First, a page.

Aeneid Poem Summary and Story
Aeneid is the first literary epic written according to the conventions denied from Homer’s epics. The poem is a national epic designed to celebrate the origin and growth of the Roman Empire. The groundwork is the legend that Aeneas after the fall of Troy and long wanderings founded a Trojan settlement in Latium, the source of the Roman race. It is an epic poem in twelve books of hexameter.
Book I relates Aeneas’ journey to Latium for seven years after the fall of Troy, Juno knowing that a race of Trojan origin will threaten her beloved city Carthage incites Aeolus to raise a storm on the Trojan fleet. Some of the ships are wrecked but the remaining ships arrive at Carthage and were kindly received by Dido, the widow queen of Carthage.
In Books II and III Aeneas relates the fall of Troy and subsequent events at the request of Dido. In Book IV, Dido confesses her passion for Aeneas. A hunting expedition is interrupted by a storm, Dido and Aeneas take refuge in a cave and are united by the design of Juno and Venus. Jupiter orders Aeneas to leave Carthage. Dido makes piteous appeal and when Aeneas sails away in the Trojan fleet, she takes her own life heaping in her frenzy curses on Aeneas and his race.
Book V relates the return of the Trojans to Sicily. The anniversary of the death of the Anchises, is celebrated with sacrifices and games – race of ships, this boxing match, shooting match etc. The Trojan women weary of their long wanderings fire the ships.
Book VI relates the visits of the Cumacan Sibyl who foretells his wars in Latium. After plucking by her direction the Golden Bough, he descends with her to the underworld. He meets his father Anchises. This book contains the memorable lines on the destiny of Rome.
Book VII describes the arrival of the Trojans at the mouth of the river Tiber. Latinus is the king of the land Latium. His daughter is Lavinia. Her father has been divinely warned to marry her to a stranger who shall come. The embassy sent by Aeneas is welcomed by Latinus who offers alliance and the hand of his daughter. Turnus, the suitor of Lavinia and Amata, the mother of Lavinia are stirred by Juno to show hostility to the Trojans. The wounding of a stag from the royal herds by Ascanius causes an affray. The Italian tribes gather to expel the Trojans.
Book VIII describes Aeneas facing the war encouraged by the god of river Tiber. The Arcadian Evander, the founder of the city on the Palatine hill, part of the future Rome promises support and urges alliance with the Etruscans. Vulcan, at the request of Venus forges armour for Aeneas. The shield is described.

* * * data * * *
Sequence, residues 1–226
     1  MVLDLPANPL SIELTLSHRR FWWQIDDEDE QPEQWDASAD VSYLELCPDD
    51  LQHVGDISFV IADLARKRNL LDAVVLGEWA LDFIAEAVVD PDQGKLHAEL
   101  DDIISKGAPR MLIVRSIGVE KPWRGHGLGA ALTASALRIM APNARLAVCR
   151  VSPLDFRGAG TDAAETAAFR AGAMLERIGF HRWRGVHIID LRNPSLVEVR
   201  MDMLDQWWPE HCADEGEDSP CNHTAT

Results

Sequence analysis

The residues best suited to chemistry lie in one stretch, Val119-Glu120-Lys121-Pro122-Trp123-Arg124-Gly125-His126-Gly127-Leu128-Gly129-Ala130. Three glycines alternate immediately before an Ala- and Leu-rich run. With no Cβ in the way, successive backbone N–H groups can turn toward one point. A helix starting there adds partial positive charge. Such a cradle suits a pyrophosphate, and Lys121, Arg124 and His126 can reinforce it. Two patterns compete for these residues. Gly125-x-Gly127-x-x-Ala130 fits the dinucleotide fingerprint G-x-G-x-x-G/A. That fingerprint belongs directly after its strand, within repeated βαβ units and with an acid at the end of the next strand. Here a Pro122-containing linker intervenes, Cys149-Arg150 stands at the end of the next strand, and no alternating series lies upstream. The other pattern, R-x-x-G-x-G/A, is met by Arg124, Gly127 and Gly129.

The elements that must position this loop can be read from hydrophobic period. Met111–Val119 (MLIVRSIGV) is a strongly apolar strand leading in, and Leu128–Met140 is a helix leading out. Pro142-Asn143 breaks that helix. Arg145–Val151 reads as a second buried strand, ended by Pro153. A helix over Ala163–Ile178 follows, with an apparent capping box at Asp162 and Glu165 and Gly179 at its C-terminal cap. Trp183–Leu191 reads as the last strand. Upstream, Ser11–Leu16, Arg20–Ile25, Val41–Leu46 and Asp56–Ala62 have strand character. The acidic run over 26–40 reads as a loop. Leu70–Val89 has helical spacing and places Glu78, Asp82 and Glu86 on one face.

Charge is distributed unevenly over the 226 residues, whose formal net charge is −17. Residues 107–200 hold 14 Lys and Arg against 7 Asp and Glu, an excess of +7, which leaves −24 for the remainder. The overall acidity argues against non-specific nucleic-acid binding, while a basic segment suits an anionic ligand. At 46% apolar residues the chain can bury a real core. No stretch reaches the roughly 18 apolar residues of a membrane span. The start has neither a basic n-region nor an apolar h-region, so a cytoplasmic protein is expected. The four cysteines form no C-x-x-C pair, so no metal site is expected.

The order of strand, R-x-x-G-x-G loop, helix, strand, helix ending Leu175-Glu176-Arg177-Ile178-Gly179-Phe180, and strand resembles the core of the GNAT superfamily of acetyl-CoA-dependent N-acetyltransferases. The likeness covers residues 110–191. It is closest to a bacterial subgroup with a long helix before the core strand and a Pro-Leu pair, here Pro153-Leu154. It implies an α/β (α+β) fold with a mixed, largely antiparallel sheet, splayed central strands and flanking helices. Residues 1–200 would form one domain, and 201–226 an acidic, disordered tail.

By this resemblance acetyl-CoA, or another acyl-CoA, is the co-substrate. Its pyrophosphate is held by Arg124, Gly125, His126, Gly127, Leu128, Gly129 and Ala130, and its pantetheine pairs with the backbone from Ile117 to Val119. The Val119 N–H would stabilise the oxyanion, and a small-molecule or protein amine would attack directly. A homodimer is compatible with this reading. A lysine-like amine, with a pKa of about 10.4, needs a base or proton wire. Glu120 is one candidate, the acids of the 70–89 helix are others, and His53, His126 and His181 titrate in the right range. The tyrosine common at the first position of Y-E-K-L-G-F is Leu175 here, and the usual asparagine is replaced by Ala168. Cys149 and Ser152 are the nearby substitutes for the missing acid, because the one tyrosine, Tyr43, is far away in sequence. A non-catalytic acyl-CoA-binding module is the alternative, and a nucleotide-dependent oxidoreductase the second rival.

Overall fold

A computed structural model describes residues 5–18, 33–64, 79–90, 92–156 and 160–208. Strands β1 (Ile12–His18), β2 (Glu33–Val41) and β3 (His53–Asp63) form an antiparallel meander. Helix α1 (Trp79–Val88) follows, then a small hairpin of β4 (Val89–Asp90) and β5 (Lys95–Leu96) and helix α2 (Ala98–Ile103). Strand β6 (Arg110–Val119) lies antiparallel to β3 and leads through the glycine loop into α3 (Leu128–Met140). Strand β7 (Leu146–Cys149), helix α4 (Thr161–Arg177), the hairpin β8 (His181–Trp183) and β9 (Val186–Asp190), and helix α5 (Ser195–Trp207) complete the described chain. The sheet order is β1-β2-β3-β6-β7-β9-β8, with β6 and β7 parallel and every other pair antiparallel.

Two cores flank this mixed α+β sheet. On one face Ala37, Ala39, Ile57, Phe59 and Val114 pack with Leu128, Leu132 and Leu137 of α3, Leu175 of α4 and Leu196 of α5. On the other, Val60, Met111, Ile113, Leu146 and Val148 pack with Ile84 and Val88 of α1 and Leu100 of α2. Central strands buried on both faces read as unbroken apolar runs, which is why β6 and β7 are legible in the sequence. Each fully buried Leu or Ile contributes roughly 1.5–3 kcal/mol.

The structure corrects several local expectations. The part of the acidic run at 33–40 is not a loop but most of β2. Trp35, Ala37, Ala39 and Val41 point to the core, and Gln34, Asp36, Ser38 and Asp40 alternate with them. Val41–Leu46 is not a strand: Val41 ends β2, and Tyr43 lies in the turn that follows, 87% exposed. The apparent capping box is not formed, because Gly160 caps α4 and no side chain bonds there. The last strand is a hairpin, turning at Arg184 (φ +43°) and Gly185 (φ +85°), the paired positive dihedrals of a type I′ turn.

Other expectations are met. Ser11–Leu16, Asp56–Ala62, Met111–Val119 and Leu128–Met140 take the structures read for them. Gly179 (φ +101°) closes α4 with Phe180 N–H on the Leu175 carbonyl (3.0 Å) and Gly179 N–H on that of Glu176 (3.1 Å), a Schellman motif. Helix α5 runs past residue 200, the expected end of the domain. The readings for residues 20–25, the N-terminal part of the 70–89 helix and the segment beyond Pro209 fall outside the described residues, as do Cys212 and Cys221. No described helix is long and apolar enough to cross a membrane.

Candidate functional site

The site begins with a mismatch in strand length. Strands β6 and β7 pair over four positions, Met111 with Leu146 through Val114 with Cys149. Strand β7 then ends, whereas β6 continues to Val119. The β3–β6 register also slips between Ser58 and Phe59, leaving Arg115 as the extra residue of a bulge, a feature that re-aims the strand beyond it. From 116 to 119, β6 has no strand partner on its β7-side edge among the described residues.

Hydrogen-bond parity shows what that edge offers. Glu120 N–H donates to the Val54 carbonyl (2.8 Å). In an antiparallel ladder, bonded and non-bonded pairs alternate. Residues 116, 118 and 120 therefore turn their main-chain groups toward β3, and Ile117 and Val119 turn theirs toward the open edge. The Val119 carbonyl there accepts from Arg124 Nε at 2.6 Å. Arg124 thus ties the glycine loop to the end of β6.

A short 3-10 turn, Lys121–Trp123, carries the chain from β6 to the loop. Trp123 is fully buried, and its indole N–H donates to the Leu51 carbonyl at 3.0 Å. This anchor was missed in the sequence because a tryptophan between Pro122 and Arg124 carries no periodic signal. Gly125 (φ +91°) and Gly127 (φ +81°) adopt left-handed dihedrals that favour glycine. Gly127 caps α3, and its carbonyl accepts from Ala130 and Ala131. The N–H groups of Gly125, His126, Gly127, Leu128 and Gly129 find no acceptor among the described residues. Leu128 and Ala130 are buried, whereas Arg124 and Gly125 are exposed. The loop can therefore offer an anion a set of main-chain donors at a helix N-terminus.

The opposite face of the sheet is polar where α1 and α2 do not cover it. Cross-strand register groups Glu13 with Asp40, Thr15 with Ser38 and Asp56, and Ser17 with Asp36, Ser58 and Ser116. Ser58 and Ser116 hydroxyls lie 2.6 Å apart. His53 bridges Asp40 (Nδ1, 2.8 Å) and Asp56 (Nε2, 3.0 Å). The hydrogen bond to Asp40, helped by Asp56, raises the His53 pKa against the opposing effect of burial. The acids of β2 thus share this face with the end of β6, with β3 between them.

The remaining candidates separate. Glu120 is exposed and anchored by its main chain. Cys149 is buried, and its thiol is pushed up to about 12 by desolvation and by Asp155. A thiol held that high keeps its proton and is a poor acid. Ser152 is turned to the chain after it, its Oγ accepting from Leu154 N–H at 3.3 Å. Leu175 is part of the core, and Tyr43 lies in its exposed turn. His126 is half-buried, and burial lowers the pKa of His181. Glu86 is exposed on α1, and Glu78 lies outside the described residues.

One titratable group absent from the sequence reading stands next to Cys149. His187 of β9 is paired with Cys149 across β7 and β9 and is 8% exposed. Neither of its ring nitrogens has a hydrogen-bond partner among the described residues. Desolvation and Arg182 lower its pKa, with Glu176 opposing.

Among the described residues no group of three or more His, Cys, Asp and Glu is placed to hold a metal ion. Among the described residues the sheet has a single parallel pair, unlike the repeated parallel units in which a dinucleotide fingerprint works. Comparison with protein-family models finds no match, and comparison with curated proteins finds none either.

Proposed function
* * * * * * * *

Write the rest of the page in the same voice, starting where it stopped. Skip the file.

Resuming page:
Book IX relates the blockade of the Trojan camp by Turnus and the burning of Trojan ships. Neptune turns them into sea nymphs. Aeneas is summoned by Nisus and Euralus. Ascanius performs his first exploit.
In Book X Aeneid, the gods debate in Olympus. Aeneas secures the alliance of Tarchon, king of the Etruscans, and returns to the seat of war, accompanied by Pallas and Tarchon. Turnus kills Pallas: he pursues a phantom of Aeneas contrived by Juno and is borne away to his city. Acneas wounds Mezentius whose son Lausus tries to save him.
In Book XI Aeneid, Aeneas celebrates the Trojan victory and laments Pallas. A truce with the Latins is arranged. It is suggested that the issue shall be settled by single combat between Turnus and Aeneas. Aeneas and his army move against the city. Camilla is killed.
Book XII shows the dejection of the Latins. A single combat between Aeneas and Turnus is arranged. But Juturna, sister of Turnus stirs up the Rutulians, and the general fighting is resumed. Aeneas is wounded by an unknown hand, but healed by Venus. The Trojans seeing the city of Latinus left unguarded attack and fire it. Amata takes her life. Turnus returns from the pursuit of Trojan soldiers, meets Aeneas and the two fight. Aneneas kills him to take revenge on the death of Pallas.
Mythical and supernatural elements predominate in the Aeneid. The striking feature of the poem is the conception of Italy as a single nation, and of Roman history as a continuous whole from the founding of the city of the full expansion of the Empire. Its mythology is said to be stiff and conventional; characters lack force and distinctness.
The episode of Dido and Aeneas is criticised for Aeneas’ shabby rejection of her suit. Dido’s passion has entangled Aeneas, but the will of the gods would prevail. Virgil draws on the Iliad and the Odyssey combining in his poem the travel-adventures of the latter with the warfare of the former. He models on Homer many episodes the funeral games in Book V, the visit to the underworld in Book VI, the description of the shield in Book VIII. The epic poem has the structural development through adventures and wars of Aeneas and the final establishment of the Roman Empire.
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